Cannabis investors were already well aware that Aurora Cannabis (NYSE: ACB) was going to have a tough quarter. Around a week ago, the company confirmed that it would be laying off 10% of its workforce to help save costs. To make matters worse, the firm’s long-time CEO, Terry Booth, is leaving his position in what amounted to a pretty major leadership shakeup. The final nail in the coffin, however, was the warning that the company could see goodwill adjustments of up to C$1 billion. All this together helped push Aurora’s stock to close-to-historic lows even before the firm officially announced its fiscal Q2 2020 results.
Now that the company officially released its full financial figures for the quarter, investors were hit by the bad news that the company’s losses were growing while revenues continued to shrink. Cannabis revenue came in at $63.2 million, in comparison to the $70.8 million seen just three months ago. It’s a massive drop for so short of a period, but it gets worse. Aurora’s adjusted EBITDA loss came in at a large $80.2 million, more than double the $39.7 million reported in the previous quarter.
“Despite delivering modest growth in our core medical and consumer business in Q2, we took immediate and deliberate actions to align our Company to current market conditions,” said Michael Singer, Executive Chairman and now Interim CEO since the departure of Terry Booth. “As announced last week, being a profitable cannabis company for our investors is the singular near-term focus for Aurora and we have begun to implement a business transformation plan where we intend to manage the business with a high degree of fiscal discipline.”
Overall, Aurora is in a pretty bad place, and few investors would have expected that 12 months ago the respected cannabis giant could have sunk to its current state. The company has lost over 85% of its market value, and many analysts are expecting the price of the stock to fall into the penny stock range.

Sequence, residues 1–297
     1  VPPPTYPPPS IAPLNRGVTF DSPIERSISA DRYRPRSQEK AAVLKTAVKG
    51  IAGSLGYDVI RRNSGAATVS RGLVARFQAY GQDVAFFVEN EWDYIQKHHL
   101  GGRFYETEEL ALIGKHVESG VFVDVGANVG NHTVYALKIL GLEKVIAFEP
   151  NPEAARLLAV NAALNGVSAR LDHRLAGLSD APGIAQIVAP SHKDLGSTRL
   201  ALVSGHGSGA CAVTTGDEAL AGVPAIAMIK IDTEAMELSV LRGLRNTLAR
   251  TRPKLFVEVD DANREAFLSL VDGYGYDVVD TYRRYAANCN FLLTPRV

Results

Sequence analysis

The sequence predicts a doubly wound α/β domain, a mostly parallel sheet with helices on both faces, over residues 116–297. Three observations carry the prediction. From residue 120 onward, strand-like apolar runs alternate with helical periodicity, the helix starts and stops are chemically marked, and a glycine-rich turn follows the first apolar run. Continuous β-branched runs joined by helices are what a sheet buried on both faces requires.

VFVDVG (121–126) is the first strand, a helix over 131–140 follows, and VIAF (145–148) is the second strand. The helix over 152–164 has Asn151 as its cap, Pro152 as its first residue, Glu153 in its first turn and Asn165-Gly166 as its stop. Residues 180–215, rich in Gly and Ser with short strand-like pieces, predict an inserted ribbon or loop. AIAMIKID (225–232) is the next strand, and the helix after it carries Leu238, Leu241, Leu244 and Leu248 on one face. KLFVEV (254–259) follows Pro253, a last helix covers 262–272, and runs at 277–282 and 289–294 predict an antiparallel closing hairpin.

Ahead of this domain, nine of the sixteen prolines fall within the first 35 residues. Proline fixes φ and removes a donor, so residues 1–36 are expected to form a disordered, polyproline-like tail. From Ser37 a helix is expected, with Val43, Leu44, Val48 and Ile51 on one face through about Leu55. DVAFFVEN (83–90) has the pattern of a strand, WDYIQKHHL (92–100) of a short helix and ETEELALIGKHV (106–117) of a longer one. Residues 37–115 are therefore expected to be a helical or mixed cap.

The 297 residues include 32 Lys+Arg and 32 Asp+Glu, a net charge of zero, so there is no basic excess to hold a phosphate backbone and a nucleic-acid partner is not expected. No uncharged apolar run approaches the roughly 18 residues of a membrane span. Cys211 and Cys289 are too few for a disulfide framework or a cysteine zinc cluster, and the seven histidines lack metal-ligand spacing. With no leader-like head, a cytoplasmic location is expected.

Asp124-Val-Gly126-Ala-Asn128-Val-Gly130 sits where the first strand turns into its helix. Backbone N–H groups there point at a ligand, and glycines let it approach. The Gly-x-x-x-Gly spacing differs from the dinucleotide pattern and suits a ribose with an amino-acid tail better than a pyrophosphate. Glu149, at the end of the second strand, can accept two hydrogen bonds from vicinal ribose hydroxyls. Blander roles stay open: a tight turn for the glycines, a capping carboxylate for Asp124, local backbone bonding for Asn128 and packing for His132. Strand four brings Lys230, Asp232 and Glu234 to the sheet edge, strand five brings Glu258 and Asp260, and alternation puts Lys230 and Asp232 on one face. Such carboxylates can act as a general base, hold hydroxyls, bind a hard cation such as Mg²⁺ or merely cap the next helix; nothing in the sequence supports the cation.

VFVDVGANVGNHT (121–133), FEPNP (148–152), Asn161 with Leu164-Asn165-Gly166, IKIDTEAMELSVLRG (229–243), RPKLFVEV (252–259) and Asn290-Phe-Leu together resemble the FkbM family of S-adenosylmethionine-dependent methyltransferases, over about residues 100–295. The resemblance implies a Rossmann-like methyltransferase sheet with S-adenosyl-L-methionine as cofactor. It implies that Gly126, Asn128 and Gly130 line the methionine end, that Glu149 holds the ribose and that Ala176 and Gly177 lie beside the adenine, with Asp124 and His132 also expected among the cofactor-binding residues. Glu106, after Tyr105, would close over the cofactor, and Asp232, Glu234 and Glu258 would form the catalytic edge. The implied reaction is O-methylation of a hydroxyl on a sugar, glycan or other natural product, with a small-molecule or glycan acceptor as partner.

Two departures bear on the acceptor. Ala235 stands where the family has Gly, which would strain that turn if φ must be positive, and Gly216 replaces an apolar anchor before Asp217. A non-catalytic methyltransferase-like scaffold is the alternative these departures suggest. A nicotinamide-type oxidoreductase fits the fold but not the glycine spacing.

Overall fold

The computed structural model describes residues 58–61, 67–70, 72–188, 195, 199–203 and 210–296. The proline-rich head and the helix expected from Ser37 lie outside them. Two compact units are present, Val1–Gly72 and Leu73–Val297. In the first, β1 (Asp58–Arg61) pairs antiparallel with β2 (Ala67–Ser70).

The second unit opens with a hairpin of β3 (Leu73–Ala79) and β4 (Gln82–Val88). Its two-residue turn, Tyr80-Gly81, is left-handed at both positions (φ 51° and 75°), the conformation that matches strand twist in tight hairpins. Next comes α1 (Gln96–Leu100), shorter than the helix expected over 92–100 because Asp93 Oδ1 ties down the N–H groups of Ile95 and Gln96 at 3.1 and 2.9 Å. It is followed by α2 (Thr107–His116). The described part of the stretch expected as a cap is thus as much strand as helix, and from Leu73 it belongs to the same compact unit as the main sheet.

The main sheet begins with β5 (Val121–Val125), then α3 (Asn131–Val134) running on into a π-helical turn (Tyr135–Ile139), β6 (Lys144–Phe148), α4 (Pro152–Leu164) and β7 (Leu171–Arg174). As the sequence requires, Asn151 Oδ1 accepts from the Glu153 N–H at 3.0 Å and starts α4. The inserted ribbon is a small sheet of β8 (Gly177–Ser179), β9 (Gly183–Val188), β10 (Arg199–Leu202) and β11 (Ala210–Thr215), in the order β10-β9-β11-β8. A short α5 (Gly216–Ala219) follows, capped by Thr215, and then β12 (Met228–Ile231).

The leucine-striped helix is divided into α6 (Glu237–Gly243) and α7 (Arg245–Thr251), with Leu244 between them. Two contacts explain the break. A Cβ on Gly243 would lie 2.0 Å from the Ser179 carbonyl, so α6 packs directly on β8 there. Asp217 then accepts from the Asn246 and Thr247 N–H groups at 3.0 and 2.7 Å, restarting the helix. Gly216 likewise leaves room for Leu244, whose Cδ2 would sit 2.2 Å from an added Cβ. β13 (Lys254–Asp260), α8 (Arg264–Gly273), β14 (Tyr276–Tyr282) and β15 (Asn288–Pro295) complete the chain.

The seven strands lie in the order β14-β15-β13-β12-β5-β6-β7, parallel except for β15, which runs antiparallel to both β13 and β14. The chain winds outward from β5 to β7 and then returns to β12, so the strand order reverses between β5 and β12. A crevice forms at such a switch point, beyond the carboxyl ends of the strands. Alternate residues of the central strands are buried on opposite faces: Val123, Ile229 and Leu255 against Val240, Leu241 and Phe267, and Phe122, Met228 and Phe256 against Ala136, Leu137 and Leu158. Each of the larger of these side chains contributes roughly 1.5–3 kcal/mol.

Looking at the analyst ratings overall, investors can see a major shift in just a one-month period. Back in January, there were nine analysts with a buy rating, hopeful that the firm’s current cheap price would mean shares would go up. In comparison, there were just 6 analysts who held a neutral hold rating a month ago, and just four that had a sell. Now, the number of bullish analysts has shrunk to just four, while the neutrals have almost doubled to 11.
Time will tell how Aurora Cannabis fares, but what is certain is that the company is facing financial difficulties and will likely need to secure further funding to remain afloat. Unlike its larger rival, Canopy Growth (NYSE: CGC), which has billions in spare cash sitting in its bank account, Aurora is quite strapped.
Aurora Cannabis Company Profile
Aurora Cannabis Inc., headquartered in Edmonton, Canada, cultivates and sells medicinal and recreational cannabis through a portfolio of brands that include Aurora, CanniMed, MedReleaf, and San Rafael ’71. Although the company primarily operates in Canada, Aurora has expanded internationally through medical cannabis exporting agreements or cultivation facilities in more than 25 countries. – Warrior Trading News